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Miss Jean’s Playland Child Care Center Closing Down

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Miss Jean’s Playland Child Care Center Closing Down

by James Coulter


Heather Flowers works as a store manager. Her husband also works as a manager. They both have seven children, and little to no time to look after them while at work.

As such, both of them have relied upon the child care services at Miss Jean’s Playland in Lake Wales to supervise their children after school for the past three years.

Currently, three of their children attend the child care center. Each of them are picked up immediately after school and transported to the center through its ride service.

With their strict, busy schedules, Flowers and her husband, like many other parents, greatly appreciate the services provided by Miss Jean’s Playland, without which neither of them would be able to maintain their careers.

“I depends 100 percent on my child care, because if I didn’t have my child care, I wouldn’t be able to work there [at my job],” Flowers said. “I would not be able to provide for my children or pay my bills. I would lose my house and everything else.”

So like many of the other parents who depend upon the child care services provided at the center, she and her husband were caught unaware when they were informed that Miss Jean’s Playland would be closing.

Making matters worse, she did not initially receive the news from anyone at the center itself, but rather through a phone call from the Early Learning Coalition, which helps pay the fees for her child care services at the center.

When she called Miss Jean’s Playland for more information about its closure, even the workers there did not know about the news. Even her 16-year-old daughter, who works at the center herself, did not know, Flowers said.

With Miss Jean’s Playland set to close early next month, both Flowers and her husband, like many of the other parents who depend upon the center for child services, have felt themselves between a rock and a hard place. Both of them have been forced to consider one of them potentially quitting their jobs, she said.

“It has put us in a real difficult situation,” she said. “If I don’t find childcare for my children, then I won’t be able to work anymore, so it will either be my husband or my job.”

Their three children are a few of the nearly one hundred children who will need to find a new child care center now that Miss Jean’s Playland is set to close on April 10, with the very last day of operation being April 12.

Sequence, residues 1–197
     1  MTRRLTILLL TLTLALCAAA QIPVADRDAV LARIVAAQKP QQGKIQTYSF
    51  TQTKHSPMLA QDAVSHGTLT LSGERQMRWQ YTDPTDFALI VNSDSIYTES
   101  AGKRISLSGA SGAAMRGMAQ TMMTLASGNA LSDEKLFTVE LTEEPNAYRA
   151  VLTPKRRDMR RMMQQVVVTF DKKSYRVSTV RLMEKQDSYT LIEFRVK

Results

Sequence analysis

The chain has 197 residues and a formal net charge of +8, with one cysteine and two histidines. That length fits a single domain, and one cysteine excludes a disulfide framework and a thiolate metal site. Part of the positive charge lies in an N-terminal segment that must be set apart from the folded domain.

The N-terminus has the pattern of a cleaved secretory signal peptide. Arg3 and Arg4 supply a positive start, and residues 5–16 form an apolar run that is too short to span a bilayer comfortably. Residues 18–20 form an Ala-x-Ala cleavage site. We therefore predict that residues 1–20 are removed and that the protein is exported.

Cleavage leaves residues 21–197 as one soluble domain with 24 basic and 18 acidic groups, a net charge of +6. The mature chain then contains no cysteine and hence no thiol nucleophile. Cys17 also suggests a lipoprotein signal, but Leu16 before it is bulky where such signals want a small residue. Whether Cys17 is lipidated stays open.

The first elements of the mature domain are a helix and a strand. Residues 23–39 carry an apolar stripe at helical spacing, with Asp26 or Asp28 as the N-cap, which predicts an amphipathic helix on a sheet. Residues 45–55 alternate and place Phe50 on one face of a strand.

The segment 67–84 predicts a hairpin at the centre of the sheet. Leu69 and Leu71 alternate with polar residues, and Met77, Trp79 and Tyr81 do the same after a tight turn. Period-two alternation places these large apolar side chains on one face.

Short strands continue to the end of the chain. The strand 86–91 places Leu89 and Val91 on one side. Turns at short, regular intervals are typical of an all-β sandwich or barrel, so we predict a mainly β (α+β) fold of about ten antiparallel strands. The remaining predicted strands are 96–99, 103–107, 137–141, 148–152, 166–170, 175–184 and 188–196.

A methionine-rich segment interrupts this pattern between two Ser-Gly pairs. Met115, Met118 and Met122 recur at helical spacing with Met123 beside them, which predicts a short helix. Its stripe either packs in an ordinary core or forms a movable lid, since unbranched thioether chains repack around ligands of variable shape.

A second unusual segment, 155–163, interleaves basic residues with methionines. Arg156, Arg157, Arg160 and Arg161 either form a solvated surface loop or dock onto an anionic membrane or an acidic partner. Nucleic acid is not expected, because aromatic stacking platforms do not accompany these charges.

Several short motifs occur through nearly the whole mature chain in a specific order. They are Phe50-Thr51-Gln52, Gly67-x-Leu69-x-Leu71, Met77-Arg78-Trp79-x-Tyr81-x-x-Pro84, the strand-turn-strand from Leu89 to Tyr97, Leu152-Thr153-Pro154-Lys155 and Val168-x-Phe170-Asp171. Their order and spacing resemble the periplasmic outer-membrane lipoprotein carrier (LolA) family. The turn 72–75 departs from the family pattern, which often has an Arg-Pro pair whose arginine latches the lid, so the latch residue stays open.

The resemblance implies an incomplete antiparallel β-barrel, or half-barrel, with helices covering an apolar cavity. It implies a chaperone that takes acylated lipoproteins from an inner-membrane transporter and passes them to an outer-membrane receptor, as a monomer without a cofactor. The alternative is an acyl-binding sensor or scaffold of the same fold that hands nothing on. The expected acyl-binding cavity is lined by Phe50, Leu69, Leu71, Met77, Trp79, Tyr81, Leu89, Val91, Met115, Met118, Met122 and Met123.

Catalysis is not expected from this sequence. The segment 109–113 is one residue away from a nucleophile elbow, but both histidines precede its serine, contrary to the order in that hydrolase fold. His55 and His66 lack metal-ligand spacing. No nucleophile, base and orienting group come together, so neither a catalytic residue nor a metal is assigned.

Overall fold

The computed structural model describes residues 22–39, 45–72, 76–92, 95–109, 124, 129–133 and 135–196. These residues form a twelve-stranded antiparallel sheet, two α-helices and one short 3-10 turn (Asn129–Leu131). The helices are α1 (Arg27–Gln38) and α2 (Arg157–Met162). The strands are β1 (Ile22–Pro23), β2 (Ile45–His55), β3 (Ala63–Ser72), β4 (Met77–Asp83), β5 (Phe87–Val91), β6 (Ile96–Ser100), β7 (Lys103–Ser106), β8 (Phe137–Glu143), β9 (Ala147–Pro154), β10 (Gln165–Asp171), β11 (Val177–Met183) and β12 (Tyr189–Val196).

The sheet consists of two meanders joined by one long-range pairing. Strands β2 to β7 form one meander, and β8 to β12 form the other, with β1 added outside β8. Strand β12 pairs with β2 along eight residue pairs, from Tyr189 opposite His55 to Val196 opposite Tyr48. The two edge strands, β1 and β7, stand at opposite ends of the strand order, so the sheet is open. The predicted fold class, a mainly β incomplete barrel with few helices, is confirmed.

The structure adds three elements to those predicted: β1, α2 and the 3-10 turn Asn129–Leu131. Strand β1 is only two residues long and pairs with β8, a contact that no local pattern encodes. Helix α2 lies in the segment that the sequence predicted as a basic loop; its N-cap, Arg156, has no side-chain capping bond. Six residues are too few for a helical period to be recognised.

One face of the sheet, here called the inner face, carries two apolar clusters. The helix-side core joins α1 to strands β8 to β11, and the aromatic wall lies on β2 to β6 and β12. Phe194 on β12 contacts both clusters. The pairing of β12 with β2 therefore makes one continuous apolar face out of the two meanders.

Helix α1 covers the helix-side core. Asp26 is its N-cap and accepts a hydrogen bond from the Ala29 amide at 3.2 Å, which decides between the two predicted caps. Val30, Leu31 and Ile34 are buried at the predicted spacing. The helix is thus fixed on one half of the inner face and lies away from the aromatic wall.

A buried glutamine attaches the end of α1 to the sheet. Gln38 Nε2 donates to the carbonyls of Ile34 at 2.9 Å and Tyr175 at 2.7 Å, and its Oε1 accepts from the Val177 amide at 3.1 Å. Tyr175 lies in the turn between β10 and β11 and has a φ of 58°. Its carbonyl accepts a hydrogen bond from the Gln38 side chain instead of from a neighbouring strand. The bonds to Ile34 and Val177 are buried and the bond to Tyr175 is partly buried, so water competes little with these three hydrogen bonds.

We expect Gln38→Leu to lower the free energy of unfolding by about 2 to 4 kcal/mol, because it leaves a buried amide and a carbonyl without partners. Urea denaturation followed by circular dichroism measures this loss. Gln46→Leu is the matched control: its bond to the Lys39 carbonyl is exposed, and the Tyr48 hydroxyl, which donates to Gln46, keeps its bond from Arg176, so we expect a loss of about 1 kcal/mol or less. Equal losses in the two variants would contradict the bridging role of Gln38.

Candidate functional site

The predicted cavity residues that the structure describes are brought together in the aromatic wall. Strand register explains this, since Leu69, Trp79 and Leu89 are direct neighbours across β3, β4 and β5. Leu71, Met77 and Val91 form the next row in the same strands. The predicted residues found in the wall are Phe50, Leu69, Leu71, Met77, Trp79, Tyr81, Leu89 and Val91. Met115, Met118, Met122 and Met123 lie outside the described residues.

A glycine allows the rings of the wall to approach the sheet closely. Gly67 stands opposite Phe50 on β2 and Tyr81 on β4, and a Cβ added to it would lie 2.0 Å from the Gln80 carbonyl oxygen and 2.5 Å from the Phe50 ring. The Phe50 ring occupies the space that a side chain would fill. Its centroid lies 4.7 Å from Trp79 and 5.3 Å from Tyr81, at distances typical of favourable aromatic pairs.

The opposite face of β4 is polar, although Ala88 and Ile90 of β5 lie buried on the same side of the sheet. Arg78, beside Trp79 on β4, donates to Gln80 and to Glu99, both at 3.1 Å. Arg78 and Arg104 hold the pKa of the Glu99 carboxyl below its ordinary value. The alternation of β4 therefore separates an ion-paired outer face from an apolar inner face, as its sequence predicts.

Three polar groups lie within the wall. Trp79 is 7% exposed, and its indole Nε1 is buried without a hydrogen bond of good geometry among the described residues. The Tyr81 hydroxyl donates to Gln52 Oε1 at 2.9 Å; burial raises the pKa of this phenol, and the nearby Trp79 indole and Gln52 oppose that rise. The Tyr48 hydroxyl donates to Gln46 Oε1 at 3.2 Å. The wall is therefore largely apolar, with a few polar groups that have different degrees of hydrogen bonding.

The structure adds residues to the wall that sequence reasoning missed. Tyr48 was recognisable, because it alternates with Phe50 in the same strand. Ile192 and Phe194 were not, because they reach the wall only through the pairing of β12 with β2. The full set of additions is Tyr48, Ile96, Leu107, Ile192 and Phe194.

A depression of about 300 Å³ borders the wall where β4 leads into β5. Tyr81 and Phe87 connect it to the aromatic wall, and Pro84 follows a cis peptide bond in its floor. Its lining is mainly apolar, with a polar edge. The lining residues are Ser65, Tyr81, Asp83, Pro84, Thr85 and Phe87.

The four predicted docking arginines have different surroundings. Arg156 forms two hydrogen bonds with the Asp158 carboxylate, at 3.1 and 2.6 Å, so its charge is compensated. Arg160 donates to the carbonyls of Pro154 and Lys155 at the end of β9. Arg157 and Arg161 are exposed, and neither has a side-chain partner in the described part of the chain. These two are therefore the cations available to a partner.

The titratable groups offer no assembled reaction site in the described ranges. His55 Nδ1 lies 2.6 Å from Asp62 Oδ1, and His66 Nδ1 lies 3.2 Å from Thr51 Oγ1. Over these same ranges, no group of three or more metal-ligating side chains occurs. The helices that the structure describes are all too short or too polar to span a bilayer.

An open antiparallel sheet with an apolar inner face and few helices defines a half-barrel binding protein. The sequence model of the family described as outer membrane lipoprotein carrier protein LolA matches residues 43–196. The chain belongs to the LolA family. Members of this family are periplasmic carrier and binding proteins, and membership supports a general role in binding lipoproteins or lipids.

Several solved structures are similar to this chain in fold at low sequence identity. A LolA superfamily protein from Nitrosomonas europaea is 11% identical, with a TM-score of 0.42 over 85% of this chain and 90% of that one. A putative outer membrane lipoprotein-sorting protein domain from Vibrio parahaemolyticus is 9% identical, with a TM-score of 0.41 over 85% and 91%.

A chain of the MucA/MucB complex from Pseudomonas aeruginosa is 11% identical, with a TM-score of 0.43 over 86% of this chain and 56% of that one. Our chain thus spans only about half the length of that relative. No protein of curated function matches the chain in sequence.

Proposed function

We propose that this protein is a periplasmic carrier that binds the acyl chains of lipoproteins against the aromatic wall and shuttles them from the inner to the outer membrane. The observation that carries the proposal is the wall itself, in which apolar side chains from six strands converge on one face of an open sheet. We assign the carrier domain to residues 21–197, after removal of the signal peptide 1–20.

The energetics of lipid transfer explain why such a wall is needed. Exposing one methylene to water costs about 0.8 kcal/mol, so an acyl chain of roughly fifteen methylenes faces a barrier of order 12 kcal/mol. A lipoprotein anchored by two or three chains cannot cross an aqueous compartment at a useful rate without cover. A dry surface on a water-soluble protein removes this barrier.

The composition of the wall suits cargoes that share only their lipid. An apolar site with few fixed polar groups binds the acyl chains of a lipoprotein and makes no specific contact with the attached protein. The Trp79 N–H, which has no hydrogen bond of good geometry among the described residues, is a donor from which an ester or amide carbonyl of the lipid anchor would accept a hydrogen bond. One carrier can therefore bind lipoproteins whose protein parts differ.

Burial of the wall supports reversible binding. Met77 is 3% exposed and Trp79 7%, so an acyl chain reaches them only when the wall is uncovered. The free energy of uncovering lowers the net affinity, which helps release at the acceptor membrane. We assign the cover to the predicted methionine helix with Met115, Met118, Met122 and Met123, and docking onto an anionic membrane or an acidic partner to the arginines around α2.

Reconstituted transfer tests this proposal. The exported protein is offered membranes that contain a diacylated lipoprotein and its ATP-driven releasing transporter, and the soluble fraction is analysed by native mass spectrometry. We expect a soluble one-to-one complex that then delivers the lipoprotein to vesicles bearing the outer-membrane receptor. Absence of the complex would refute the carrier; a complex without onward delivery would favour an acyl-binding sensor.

The news of the center’s closure came as quite a surprise to the parents who depend upon its child care services. Even its own employees were caught unaware of the news, explained Demetria Nail, one of the managers at the facility.

Nail herself learned about the closure when Flowers contacted her several days ago inquiring about it. She in turn contacted the Early Learning Coalition, who confirmed that the center would be closing on April 12. Her co-workers later spoke with the owner, Debbie MAST, who likewise confirmed the center’s closure.

As for what will become of the facility following its closure, Nail initially assumed that the owner would return ownership to the bank, but she later learned that the owner would be selling the building instead of returning it to the bank.

“Basically, she is over it, she doesn’t care,” Nail said. “If that parent hadn’t called, if ELC hadn’t called and told those parents, then we would know nothing at all.”

Nail and her co-manager both started working at Miss Jean’s Playland earlier this January. The center itself had been in business for many year. Prior to their employment there, both of them had worked at the Department of Children and Families before being invited by Debbie to come work at the center.

“We left our careers to come and do this for her because she begged,” she said. “We always wanted to run a daycare, so we thought this was a great opportunity.”

When they arrived at the facility, they discovered it in a state of disrepair with numerous maintenance problems. Both of them had to pay out of pocket to help fund repairs for the building, Nail said.

“It wasn’t being taken care of,” she said. “So if there were underlying problems, we would not have known about it.”

During their brief time at the center, both of them had developed close relationships with the children and their parents. So seeing these parents and children struggle to find new places for child care, especially with very little option within the local community, feels nothing short of heartbreaking to them, she said.

Both Nail and her co-manager have been working hard to save their own money and find a new building that they could potentially use to start a new business and continue providing the services to these parents, she said.

Until then, many parents like Flowers have been placed in a difficult situation, deciding whether to find child care services elsewhere or to potentially give up their own jobs to look after their own children. To them, they do not feel this is a very fair decision.

“I just don’t understand,” Flowers said. “These ladies are trying to buy the building from her to save the parents and jobs and everything else…Hopefully there will be a way for them to do that.”

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